Forty years after the landmark decision, Roe v. Wade, which legalized abortion, a woman’s right to make her own reproductive decisions is still a hotbed of discussion in state legislatures and a target of lawmakers. Outside of these state capitals, talking about abortion is still largely taboo.
Sarah Erdreich is trying to open up a larger discourse about reproductive rights and the next generation of women. Generation Roe: Inside the Future of the Pro-Choice Movement tackles the difficult issues of stigma, activism, pop culture and how to talk about abortion as not just a scary political battle but a more nuanced, personal choice for all women.
I had a chance to speak to Erdreich about the book and what she believes are the biggest issues facing the women who came after Roe and the right to choose. Keep reading »
Yeah, that’s an actual thing an elected official said. Like, for real. Republican Rep. Steve Stockman of Texas tweeted the remark today, which is cringeworthy on multiple levels — not the least of which shooting people with guns doesn’t sound very “pro-life” to me. Perhaps in his own well-documented twisted mind Stockman thinks that owning guns means you’re just protecting yourself, ergo fetuses (“babies”) need protection from big, bad Planned Parenthood; but this reads to me as an allusion to clinic violence against doctors who perform abortions. Dr. George Tiller was, after all, murdered by an anti-abortion extremist with a gun.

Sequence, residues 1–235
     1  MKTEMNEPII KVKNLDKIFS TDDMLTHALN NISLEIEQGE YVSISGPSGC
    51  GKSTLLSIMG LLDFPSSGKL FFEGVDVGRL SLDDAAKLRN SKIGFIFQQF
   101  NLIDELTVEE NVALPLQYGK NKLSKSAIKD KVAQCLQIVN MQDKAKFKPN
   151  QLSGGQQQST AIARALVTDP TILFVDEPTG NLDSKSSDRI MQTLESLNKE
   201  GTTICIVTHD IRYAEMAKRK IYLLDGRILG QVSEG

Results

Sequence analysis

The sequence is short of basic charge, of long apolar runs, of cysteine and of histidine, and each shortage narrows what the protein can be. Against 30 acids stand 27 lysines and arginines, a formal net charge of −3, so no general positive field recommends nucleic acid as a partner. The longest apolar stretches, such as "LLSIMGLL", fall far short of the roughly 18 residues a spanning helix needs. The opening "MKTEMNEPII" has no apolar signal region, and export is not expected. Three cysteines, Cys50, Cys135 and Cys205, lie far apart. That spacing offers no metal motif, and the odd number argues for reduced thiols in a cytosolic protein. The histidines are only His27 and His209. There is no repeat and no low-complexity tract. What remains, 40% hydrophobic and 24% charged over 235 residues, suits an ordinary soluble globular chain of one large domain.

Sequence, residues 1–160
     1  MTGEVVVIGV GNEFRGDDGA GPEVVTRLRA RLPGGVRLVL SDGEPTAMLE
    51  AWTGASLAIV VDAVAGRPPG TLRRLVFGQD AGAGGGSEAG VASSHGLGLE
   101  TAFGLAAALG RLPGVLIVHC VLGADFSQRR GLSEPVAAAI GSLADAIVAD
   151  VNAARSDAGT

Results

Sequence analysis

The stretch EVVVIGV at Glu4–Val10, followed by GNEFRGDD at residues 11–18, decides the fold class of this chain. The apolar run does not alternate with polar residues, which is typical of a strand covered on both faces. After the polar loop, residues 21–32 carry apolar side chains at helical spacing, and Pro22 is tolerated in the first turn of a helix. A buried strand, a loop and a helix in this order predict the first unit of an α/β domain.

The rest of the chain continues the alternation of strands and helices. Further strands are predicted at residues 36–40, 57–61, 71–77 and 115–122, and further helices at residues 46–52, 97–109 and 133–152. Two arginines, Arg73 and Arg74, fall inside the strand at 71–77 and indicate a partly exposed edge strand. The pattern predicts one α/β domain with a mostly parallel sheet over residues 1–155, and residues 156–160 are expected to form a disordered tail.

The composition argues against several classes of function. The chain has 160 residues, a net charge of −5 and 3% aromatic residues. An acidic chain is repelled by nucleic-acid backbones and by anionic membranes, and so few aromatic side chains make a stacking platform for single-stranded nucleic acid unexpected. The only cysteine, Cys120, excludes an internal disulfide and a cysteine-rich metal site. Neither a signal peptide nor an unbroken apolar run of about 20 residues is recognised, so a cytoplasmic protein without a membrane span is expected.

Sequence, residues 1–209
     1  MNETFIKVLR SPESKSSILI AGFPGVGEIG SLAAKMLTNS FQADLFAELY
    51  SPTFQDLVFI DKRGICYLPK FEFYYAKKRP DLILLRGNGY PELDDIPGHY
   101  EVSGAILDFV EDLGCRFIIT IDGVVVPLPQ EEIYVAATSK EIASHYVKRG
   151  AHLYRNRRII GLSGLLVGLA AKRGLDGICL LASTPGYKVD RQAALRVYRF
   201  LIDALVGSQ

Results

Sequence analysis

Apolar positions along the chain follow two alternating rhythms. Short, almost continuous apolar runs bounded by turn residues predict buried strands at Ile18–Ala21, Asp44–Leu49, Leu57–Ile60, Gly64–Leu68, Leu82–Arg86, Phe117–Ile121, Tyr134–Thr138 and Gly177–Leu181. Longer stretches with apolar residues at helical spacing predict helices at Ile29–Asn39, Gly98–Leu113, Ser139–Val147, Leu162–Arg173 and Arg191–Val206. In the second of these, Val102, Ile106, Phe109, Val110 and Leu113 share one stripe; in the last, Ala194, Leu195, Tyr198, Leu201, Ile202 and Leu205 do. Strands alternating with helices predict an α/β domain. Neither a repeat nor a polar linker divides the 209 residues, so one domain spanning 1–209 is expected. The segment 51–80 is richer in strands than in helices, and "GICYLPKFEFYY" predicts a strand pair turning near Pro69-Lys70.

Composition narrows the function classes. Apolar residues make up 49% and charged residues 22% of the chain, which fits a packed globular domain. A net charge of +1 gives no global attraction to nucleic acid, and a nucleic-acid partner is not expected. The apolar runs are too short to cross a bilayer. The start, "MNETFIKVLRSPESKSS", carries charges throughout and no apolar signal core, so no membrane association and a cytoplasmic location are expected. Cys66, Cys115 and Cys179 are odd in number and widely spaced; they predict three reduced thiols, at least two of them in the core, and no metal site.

Ugh. There’s believing in a right to bear arms and there’s being a gun nut who suggests children should have guns. [Raw Story]
Abortion foes in the Arkansas State Senate passed a bill yesterday to ban certain funding grants to Planned Parenthood. The chosen grants heading to the chopping block? Sex education. Which sucks, because Planned Parenthood provided the state’s sex ed.
According to Think Progress, Arkansas lacks a codified set of sex education requirements, which is why Planned Parenthood stepped in to do HIV/AIDS and STD/STI education in the state. A Republican health education teacher, and assistant football coach, Darrell Seward, told the Huffington Post over the phone:
“I would challenge any legislator or politician in the state of Arkansas or higher to set foot in my classroom and listen to the curriculum and walk out and say it’s a bad program. This program has been one of the most well-received programs that our students have ever been engaged in. I am a Republican, but this is one issue I feel very strongly about, because I see the benefit for our kids.”
So why take away these funds? Well because the bill’s sponsor doesn’t like any state funding to go to any organization that has anything to do with abortion or abortion referrals. Keep reading »